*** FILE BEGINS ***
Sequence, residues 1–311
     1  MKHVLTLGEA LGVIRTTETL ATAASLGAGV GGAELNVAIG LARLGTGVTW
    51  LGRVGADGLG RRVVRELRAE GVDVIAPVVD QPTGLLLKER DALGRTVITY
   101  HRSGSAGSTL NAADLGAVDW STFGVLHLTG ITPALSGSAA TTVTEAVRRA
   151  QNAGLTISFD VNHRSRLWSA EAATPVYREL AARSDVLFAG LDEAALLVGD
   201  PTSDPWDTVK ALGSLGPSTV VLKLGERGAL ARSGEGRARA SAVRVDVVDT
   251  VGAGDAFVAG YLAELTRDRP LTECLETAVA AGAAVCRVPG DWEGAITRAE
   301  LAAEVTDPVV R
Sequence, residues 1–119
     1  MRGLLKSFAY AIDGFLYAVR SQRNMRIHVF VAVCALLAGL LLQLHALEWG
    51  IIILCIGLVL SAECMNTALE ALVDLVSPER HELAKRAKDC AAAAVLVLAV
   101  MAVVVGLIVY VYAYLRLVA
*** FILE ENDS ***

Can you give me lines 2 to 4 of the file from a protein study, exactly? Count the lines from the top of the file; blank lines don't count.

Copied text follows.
     1  MKHVLTLGEA LGVIRTTETL ATAASLGAGV GGAELNVAIG LARLGTGVTW
    51  LGRVGADGLG RRVVRELRAE GVDVIAPVVD QPTGLLLKER DALGRTVITY
   101  HRSGSAGSTL NAADLGAVDW STFGVLHLTG ITPALSGSAA TTVTEAVRRA